Wednesday, August 1, 2012

Stubbornness...and grieving

Me with my renaissance walking stick, wearing a green shirt, black pants, race number 1673. I'm giving the photographer a piece sign with my fingers
Fall 2011, NC Marathon 5k fun run/walk
Today, the First Lady of the United States was speaking at the university that I work and go to school at.  Fearing for the parking and traffic situation, I asked my SO to drop me off.  I had a meeting with my adviser after work, and figured I could find a ride home after my meeting.  I was having a funky walking day, so I grabbed my cheapo walking poles to become a human quadruped.

Work was pretty uneventful, so I headed to my meeting.  I have to admit, I'm so happy that I'm on this track in my life with these people...they support me, challenge me, I challenge & support them.  Our research focuses are different, but it all coalesces into a fantastic scholastic family.

So I leave the meeting, realizing that while I'm not feeling comfortable with my walk home, I'm not comfortable asking either my adviser or a fellow student for a ride home.  I also don't want to call a friend to get me.  It's only 0.8 miles from campus to my house.  I don't want to be a burden, I don't want to be dependent, and I tell myself that I can go as slowly as I want or need to.  I tell myself that I used to enjoy walking home leisurely from campus, and that I could stop if I wanted or needed to.

I wasn't even off campus when I started to regret my decision, but I'm stubborn.  The pain isn't that bad, my feet aren't that numb, my legs are functioning somewhat, it's no big deal that I have to look down at my feet to make sure that they're doing what my brain tells them to do.  I notice that I'm getting more useful sensory information from my walking poles than my feet, which is a bit disconcerting, but I push forward at my slow shuffle.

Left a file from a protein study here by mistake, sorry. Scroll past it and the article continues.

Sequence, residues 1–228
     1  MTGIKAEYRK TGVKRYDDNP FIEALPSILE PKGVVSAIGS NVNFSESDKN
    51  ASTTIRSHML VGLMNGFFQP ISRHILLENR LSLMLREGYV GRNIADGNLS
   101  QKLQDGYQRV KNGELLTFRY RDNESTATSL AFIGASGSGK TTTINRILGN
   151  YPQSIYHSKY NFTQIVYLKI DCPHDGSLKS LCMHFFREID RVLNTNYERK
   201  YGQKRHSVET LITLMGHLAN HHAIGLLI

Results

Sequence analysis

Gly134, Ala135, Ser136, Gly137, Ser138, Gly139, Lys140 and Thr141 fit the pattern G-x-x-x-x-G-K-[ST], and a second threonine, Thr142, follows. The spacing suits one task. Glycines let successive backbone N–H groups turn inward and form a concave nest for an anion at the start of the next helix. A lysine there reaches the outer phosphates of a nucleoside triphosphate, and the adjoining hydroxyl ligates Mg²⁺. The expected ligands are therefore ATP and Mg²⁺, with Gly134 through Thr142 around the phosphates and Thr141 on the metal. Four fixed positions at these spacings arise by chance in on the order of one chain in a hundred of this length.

It took me a bit over 40 minutes to go eight-tenths of a mile.  I'm trying desperately to not compare this to my former abilities (like when I walked the NC Marathon 5k fun run/walk with a friend last fall), but it's hard.  This walk was a reminder of what I've lost physically from the spine injury, and most poignantly, this year.  I'm desperately trying to not make these comparisons as they are reminders of not only lost function but dreams and aspirations that needed to be rewritten, reimagined, or resigned.

Perhaps my mind is stuck grieving over these bodily loses because my perception is colored by pain, much of it physical from a walk that part of me knew I shouldn't have done.  For right now, I'm trying to get my mind back in a positive head space.  It's not easy, it's a constantly bumpy journey...but I'm learning.

Not only am I learning, but this is making my search for accessible & affordable transportation to campus a more urgent priority.


  1. In the last two years I've gone from using a manual wheelchair and living on my own with my Life Partner to using a motorized chair, living in assisted living, and unable to live with my Life Partner. It's a lot to deal with. I would never pretend to understand what it's like to go from being fully ambulatory to needing a wheelchair and/or cane, but I know it's been hard for me to come to terms with my decreased independence.

    1. Loss of mobility & independence is hard, no matter the level ((hugs)).